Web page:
Special Issue "Exposure to Airborne Toxics in Biological Populations and Implications for Health"

A special issue of Toxics (ISSN 2305-6304).

Deadline for manuscript submissions: closed (31 August 2014)

Special Issue Editors

Guest Editor
Prof. Dr. James Jay Schauer

Environmental Chemistry and Technology Program, University of Wisconsin-Madison, 660 N Pk St, Madison, WI 53706, USA
Website | E-Mail
Interests: atmospheric chemistry; source apportionment; measurement of atmospheric pollutants; measurement of air pollution source emissions; atmospheric aerosols; atmospheric mercury; trace metals in the environment and redox cycling of metals; air quality in developing and underdeveloped nations
Guest Editor
Prof. Jill Baumgartner

Institute for Health & Social Policy, Department of Epidemiology, Biostatistics & Occupational Health, McGill University, 1130 Pine Avenue W, Montreal, Quebec, H3A 1A3, Canada
Website | E-Mail
Interests: cardiovascular disease; environmental health; epidemiology; exposure assessment; household air pollution; pollution composition and health; rural energy interventions

Special Issue Information

Dear Colleagues,

Air pollution health studies have demonstrated a consistent increased risk for a number of adverse health outcomes in relation to both short- and long-term air pollution exposures in biological populations. However, many of these studies use air pollution metrics that lack specificity and are highly correlated with airborne toxic compounds resulting from the fact that they are emitted from common sources (i.e. roadways, Industrial facilities) or meteorological effects. As a result, our current understanding of airborne toxics fails to provide sufficient information to guide air pollution control strategies to best protect human health. Recent advances in exposure assessment, toxicology, and epidemiological methods, and the better integration of tools from these disciplines are helping to better inform which toxics in air pollution are most harmful to biological populations and facilitate more targeted approaches to removing the most toxic components of air pollution. This special issue will bring together current research on airborne toxics that help elucidate the impacts of these pollutants on biological systems and human health outcomes. Original research that demonstrates advances in the development of methods and novel applications of exposure assessment, air pollution epidemiology, and air pollution toxicology are being solicited to contribute to this special issue.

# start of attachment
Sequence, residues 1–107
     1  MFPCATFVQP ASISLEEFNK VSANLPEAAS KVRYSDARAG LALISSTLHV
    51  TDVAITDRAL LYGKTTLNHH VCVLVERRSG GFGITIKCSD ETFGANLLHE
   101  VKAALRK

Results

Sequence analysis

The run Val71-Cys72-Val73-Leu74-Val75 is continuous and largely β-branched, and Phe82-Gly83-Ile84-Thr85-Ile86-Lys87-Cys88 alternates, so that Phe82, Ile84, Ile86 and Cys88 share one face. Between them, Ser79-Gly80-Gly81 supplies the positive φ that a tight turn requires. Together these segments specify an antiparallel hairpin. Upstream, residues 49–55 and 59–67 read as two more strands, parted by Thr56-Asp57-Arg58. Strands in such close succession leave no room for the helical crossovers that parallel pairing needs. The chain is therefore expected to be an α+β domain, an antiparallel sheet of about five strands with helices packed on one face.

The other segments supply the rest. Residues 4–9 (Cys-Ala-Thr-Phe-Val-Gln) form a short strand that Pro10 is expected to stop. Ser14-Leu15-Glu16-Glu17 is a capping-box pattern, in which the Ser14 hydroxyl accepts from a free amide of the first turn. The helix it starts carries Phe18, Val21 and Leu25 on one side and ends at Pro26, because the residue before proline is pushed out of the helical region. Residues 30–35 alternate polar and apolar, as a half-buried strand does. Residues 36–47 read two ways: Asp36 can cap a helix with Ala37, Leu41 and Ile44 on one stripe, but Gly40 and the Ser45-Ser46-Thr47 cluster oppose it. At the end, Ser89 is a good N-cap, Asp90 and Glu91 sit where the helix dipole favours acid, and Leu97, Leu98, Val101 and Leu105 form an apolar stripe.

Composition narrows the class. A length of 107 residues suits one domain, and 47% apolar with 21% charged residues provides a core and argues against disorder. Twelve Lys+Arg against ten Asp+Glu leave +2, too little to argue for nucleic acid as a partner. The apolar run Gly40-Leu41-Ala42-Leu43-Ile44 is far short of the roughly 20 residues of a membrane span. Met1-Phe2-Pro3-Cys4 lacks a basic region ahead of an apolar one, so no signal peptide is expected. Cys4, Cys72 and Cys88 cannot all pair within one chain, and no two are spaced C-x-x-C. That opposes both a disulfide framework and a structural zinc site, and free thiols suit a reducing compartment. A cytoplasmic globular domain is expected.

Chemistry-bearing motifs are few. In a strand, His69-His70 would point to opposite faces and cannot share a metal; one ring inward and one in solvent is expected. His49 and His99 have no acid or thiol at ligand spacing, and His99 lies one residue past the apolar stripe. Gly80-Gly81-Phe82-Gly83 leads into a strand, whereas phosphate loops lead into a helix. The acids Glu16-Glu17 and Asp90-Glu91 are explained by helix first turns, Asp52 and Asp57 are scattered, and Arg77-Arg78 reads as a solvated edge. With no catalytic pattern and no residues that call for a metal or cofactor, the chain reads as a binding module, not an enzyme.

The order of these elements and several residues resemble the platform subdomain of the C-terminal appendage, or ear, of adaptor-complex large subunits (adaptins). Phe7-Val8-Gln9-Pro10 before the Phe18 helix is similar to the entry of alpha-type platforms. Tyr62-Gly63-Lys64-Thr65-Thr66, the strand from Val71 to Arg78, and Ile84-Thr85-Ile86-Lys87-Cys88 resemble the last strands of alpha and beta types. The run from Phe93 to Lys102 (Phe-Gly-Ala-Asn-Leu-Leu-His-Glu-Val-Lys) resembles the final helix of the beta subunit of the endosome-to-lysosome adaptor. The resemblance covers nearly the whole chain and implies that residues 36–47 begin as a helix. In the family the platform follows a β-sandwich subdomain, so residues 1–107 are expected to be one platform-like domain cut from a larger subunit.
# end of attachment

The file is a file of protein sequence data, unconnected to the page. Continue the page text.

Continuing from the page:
Prof. James Jay Schauer
Prof. Jill Baumgartner
Guest Editors

Manuscript Submission Information

Manuscripts should be submitted online at www.mdpi.com by registering and logging in to this website. Once you are registered, click here to go to the submission form. Manuscripts can be submitted until the deadline. All papers will be peer-reviewed. Accepted papers will be published continuously in the journal (as soon as accepted) and will be listed together on the special issue website. Research articles, review articles as well as short communications are invited. For planned papers, a title and short abstract (about 100 words) can be sent to the Editorial Office for announcement on this website.